Monty Python star John Cleese took to Twitter earlier this week claiming that London was no longer an English city.
The 79-year-old actor who has openly supported Brexit tweeted: “Some years ago I opined that London was not really an English city any more. Since then, virtually all my friends from abroad have confirmed my observation. So there must be some truth in it… I note also that London was the UK city that voted most strongly to remain in the EU.”
In 2011, Cleese “sparked fury” after he suggested multiculturalism in London caused English culture to disappear.
“I’m not sure what’s going on in Britain,” Cleese said in an appearance on Australian television. “Let me say this, I don’t know what’s going on in London because London is no longer an English city and that’s how they got the Olympics.
“They said ‘we’re the most cosmopolitan city on Earth’ but it doesn’t feel English.
“I had a Californian friend come over two months ago, walk down the King’s Road and say to me ‘well, where are all the English people?
“I love having different cultures around but when the parent culture kind of dissipates you’re left thinking, ‘well, what’s going on?”
Cleese’s recent remarks have again been promptly criticised, and of course, branded racist. The mayor of London, Sadiq Khan, said Cleese’s comments make him sound like his character Basil Fawlty from the cult-classic Fawlty Towers.
“Londoners know that our diversity is our greatest strength,” Khan said on Twitter. “We are proudly the English capital, a European city and a global hub.”
Cleese later responded to a fellow-Englishman who told the actor he “can’t stand ‘Englishness'” and “takes zero pride in having been born in little England.”
“I suspect I should apologise for my affection for the Englishness of my upbringing,” Cleese replied. “But in some ways, I found it calmer, more polite, more humorous, less tabloid, and less money-oriented than the one that is replacing it.”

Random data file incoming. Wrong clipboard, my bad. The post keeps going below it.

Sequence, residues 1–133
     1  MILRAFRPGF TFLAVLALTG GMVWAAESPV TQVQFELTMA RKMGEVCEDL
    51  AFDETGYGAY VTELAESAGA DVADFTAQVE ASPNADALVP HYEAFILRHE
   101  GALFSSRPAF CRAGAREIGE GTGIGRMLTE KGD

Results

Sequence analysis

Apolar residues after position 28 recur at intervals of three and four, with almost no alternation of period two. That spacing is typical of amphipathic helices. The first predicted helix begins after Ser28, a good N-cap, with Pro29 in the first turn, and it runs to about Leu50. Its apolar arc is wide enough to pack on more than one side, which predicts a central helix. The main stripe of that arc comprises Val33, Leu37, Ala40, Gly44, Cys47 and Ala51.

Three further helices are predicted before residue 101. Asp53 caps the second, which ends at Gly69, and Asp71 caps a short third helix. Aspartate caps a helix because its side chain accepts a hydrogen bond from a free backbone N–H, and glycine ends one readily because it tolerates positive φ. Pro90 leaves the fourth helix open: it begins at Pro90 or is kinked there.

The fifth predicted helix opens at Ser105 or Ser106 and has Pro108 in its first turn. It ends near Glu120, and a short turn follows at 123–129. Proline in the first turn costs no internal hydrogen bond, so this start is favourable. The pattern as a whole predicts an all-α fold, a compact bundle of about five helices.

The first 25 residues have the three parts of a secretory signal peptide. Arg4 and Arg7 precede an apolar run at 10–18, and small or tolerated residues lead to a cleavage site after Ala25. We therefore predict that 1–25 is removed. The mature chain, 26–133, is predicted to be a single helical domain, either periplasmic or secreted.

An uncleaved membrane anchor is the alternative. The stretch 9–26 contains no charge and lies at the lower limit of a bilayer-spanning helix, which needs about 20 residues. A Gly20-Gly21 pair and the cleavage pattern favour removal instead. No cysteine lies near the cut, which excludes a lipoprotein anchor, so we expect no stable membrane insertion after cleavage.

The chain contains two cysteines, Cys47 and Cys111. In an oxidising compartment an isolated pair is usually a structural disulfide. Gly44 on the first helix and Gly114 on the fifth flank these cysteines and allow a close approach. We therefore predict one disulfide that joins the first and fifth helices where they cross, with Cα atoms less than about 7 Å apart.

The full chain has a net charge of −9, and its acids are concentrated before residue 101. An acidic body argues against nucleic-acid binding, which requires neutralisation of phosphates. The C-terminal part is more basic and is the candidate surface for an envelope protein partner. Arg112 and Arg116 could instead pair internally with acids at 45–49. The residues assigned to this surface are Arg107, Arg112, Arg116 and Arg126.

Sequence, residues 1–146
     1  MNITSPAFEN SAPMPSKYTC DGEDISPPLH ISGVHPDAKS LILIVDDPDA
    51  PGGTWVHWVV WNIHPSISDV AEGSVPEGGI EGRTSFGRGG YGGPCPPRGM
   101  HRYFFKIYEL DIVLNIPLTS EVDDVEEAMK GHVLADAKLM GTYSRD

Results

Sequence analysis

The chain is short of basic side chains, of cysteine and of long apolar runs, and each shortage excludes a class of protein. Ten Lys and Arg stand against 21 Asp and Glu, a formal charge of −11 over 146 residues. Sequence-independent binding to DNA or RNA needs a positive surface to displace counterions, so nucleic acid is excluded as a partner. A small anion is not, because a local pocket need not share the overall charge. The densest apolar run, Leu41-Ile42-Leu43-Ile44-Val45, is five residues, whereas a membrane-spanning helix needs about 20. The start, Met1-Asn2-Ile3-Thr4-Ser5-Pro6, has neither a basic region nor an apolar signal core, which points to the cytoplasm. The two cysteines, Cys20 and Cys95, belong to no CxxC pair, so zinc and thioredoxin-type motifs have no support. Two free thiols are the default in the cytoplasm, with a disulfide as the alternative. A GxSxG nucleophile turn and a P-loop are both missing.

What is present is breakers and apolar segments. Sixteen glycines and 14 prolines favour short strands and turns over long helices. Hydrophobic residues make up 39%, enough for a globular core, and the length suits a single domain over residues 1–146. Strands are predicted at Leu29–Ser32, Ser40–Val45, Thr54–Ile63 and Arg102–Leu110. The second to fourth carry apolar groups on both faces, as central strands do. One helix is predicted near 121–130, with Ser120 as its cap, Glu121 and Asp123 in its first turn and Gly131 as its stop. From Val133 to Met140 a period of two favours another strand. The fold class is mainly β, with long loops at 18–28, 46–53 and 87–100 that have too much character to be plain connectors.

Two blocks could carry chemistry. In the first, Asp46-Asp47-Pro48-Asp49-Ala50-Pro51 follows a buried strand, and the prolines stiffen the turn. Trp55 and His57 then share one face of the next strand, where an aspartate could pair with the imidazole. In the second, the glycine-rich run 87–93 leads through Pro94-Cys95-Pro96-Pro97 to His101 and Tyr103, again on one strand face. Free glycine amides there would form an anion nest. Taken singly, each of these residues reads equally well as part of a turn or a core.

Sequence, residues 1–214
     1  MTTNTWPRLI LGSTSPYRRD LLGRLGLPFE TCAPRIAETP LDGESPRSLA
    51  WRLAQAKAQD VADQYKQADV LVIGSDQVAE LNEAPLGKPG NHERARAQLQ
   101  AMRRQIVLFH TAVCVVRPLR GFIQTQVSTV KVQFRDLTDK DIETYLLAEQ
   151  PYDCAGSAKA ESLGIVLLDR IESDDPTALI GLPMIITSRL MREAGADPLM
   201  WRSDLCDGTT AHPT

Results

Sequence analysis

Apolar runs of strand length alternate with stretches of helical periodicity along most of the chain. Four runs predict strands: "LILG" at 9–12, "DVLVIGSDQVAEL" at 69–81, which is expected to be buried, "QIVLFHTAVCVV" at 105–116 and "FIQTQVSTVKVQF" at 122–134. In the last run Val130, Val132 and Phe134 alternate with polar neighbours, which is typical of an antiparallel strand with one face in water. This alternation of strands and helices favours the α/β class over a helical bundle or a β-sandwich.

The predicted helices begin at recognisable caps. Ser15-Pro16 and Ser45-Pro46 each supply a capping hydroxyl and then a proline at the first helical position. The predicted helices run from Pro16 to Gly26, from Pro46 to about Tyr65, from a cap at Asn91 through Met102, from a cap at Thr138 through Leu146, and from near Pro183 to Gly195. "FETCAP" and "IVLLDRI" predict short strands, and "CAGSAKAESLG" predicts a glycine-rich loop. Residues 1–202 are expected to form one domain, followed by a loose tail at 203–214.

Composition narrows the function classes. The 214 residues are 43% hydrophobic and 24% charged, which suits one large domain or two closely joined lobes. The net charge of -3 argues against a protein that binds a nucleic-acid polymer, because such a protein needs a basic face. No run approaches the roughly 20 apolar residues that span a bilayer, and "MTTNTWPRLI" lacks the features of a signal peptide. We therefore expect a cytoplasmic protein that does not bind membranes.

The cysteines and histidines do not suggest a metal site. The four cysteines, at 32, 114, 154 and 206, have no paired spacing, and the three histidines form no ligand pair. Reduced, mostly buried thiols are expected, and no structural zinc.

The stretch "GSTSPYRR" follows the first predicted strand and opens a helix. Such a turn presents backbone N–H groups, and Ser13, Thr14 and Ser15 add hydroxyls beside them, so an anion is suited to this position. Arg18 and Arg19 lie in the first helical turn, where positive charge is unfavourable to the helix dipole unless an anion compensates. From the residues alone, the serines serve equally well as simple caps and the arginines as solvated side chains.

Cleese, who last year moved to the island of Nevis in the Caribbean, later doubled-down on his initial remarks, claiming they were not racist, but rather ‘culturalist’.
“It might interest those people who seem to think my remarks about London are racist as opposed to culturalist, to consider that’s what I like about spending time in Nevis,” he said. “Nevis has excellent race relations, a very well educated population, no sign of political correctness…
“No sign of Rupert Murdoch, conscientious lawyers, a relaxed and humorous lifestyle, a deep love of cricket, and a complete lack of knife crime. And, of course, wonderful weather.
“And the icing on the cake is that Nevis is not the world centre for Russian dirty money laundering,” he added.
In an additional tweet, the actor went on to say: “I think it’s legitimate to prefer one culture to another. For example, I prefer cultures that do not tolerate female genital mutilation. Will this be considered racist by all those who hover, eagerly hoping that someone will offend them – on someone else’s behalf, naturally.”
Cleese last year decided to emigrate from Britain to Nevis because, according to BBC, he was “disappointed with so much about this country.”